NJTL 50 for 50: Marc Atkinson
As the USTA Foundation celebrates the 50th anniversary of the National Junior Tennis & Learning network, USTA.com looks at 50 NJTL leaders and alumni who helped shape this incredible community dedicated to helping youth strive for academic and athletic excellence on the tennis court, in the classroom and in life.
In this installment, we catch up with Marc Atkinson. A former student of the Malivai Washington Youth Academy, Atkinson now serves as the program's head tennis professional. A four-year member of the Florida Agricultural & Mechanical University (FAMU) men’s tennis team, Atkinson was the first graduate of the program to play at the college level. Today, he inspires young players of all ages to follow his tennis path.
The Marc Atkinson File
Name: Marc Atkinson
NJTL Chapter: Malivai Washington Youth Foundation (Jacksonville, Fla.)
Role with NJTL: Head Tennis Professional
Year became active in NJTL: 2000
How did you first become involved with the Malivai Washington Youth Academy?
Marc Atkinson: One summer, in sixth grade, I was in a program for general education. We were finishing up a block party and I met Terri Florio, the program’s executive director.
She asked us if we wanted to play tennis. I said, “Tennis?” So she grabbed some racquets out of her car, and we were hitting the ball back and forth.
I was the first student to sign up for the tennis and tutoring [TnT] program that they started in 2000. I signed up at the age of 12. When I started I just did it on the side. I mostly played football and basketball. But as I got older, I started falling in love with tennis more and more. Plus it was different from all my friends, so I decided to stick with it.
How did you transition into coaching?
Marc Atkinson: When I signed up for TnT, we didn’t really have a middle school program. We have a middle school and a high school program now. I started coaching at the age of 13 here in the program, because I was much older than the other kids and I was better than them. The coaches just used me as an assistant coach and then gave me private one-on-ones from time to time during the week.
So I started coaching at 13-14 and got USPTA certified after I graduated from college. I've been involved ever since.
Now, I help with the under-30s national board, trying to get younger pros certified and get them in the door. Have more opportunities for us younger guys, because there's more older pros than younger guys.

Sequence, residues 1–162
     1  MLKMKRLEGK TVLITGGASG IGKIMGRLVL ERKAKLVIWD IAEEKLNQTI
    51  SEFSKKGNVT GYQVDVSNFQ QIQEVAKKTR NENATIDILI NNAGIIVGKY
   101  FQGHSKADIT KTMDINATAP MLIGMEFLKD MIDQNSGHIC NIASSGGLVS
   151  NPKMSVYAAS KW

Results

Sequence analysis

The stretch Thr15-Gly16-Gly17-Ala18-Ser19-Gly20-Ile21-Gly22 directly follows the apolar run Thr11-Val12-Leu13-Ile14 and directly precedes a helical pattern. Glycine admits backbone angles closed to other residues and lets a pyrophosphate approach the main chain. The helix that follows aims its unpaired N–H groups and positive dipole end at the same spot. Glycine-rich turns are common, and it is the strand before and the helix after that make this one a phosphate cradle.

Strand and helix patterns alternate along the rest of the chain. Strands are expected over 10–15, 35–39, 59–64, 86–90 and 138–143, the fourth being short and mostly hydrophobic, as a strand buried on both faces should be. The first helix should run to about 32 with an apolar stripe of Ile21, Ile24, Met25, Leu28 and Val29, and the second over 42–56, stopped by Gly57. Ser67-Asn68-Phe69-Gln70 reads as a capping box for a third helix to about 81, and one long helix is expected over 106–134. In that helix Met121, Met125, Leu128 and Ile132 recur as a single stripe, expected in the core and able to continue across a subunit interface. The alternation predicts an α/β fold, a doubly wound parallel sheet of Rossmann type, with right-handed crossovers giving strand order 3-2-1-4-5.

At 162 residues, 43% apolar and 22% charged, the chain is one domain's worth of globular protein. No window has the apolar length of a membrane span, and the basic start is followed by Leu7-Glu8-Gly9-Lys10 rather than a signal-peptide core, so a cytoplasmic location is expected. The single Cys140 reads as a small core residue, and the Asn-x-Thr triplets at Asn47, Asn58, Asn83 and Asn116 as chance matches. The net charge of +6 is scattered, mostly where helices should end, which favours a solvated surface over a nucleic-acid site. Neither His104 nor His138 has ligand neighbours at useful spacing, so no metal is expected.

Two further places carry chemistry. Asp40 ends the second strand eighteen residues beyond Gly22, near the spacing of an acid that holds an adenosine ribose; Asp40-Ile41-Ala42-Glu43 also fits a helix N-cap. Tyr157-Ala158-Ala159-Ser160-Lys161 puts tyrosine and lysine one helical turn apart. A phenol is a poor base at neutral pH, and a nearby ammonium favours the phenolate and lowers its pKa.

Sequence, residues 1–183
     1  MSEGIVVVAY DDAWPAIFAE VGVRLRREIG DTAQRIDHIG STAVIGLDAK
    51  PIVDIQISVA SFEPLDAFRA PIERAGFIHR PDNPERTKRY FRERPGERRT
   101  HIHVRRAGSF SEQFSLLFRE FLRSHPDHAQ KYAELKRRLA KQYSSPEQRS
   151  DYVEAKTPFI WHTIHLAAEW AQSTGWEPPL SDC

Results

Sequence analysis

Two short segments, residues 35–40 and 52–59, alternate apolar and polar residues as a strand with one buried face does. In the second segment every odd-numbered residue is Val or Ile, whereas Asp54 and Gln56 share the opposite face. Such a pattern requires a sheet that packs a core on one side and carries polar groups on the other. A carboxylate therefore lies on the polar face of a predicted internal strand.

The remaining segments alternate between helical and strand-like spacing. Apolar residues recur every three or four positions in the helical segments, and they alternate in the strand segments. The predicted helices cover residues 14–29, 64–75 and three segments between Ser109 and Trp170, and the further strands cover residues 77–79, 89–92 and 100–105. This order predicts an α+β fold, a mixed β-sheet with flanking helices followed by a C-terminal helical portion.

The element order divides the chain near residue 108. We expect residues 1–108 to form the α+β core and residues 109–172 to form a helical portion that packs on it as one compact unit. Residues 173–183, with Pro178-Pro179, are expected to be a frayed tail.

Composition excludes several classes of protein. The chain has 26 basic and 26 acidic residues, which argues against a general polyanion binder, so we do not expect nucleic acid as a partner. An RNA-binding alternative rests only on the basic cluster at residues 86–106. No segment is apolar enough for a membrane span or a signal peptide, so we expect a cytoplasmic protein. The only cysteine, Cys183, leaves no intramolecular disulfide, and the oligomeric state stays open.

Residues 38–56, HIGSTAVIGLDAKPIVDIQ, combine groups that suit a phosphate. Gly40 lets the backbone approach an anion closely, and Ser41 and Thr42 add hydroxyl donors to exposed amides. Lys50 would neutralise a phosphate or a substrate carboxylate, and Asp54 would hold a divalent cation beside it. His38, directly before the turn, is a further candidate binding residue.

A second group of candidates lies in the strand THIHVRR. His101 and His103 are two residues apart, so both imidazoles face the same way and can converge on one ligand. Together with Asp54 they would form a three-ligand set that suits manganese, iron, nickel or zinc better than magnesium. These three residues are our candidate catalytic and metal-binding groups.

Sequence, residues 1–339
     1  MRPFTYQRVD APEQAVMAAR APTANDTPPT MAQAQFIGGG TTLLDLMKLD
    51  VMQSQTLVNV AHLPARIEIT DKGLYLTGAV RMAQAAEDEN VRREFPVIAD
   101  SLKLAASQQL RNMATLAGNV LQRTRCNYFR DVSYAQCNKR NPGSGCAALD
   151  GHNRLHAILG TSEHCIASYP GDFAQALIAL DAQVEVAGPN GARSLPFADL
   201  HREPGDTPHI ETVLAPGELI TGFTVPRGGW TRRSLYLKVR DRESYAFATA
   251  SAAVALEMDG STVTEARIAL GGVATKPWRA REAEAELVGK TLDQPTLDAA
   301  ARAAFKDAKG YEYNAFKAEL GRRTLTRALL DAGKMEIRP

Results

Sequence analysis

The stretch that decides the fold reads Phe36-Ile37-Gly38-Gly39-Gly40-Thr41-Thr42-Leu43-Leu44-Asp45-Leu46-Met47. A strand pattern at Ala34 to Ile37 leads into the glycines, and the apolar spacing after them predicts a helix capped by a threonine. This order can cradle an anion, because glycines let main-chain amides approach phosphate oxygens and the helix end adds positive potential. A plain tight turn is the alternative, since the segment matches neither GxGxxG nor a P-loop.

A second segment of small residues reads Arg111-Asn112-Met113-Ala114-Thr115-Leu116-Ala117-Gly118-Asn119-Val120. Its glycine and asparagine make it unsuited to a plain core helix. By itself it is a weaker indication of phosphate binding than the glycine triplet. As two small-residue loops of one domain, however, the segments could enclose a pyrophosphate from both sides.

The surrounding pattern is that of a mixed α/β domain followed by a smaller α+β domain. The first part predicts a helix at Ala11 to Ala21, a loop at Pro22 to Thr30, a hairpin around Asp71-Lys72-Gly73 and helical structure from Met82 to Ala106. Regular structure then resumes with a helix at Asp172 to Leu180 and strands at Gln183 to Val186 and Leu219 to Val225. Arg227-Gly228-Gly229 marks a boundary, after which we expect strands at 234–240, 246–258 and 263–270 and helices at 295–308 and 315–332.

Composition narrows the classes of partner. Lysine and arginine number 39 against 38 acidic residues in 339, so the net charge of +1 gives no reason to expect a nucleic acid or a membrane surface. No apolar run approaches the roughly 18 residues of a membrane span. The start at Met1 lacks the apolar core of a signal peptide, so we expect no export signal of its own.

In addition to creating those programs for older children, how else has the program evolved over the years?
Marc Atkinson: When I started there were only 25 kids signed up to the program. Now we have at least 185 on a daily basis. I love it. You just see the growth. That’s why I came back to the tennis program
In 2007 we built our own facility, and now we are in the process of building our own facility through the "Net Generation Giving Back" initiative and a bunch of donors and sponsors.
How did you transition to your full-time role?
Mark Atkinson: Once I graduated high school, I always came back to help with the summer camp. And then once I graduated, they didn’t have anything for those high school kids who were making that transition trying to go to college.
They created a teen coordinator position, which I came in as, and I just developed some plans for the high school kids to focus on. I was making sure they were getting all their core classes and then tennis as well.
Once our head tennis pro left, I went into that role, about three-and-a-half years ago.
How does your experience as a student of the program help you connect with the current kids?
Marc Atkinson: They notice that. I grew up in the same neighborhood. I know most of their, uncles, brothers, aunties, moms.
They say, “You’re really from around here.” And I say, “Yeah, I just play tennis. It’s nothing different.”
I tell them my story and they understand where I’m coming from. It makes memore relatable to the kids and makes it easier to talk to them and give them direction. Most kids, in general, I’m just like them. I’ve been through what they’ve been through. Anybody that’s relatable, they’ll open up to and they’ll listen to.
What does it mean to be a part of this program, which traces its roots back to Arthur Ashe and others 50 years ago?
Marc Atkinson: They created an opportunity for guys like me to have the funding and the possibility to get introduced tennis. Not many inner city kids get introduced tennis.
If I had never met Ms. Terri [Florio] I would never have gotten into tennis. I would’ve just stuck to the basic basketball and football, maybe baseball. What they’re doing through the NJTL with tennis, and just the opportunity to learn and grow and develop in this sport, is amazing.
Without their vision to make this happen, we wouldn’t have programs all around the United States like this.
We have more kids that want to get involved in tennis, and our program is growing tremendously. I believe over the within the next year we should have a solid USTA Foundation NJTL Excellence Team.
Pictured above: Marc Atkinson (back row, left) with NJTL students at the BB&T Atlanta Open. (Photo Credit: Marc Atkinson)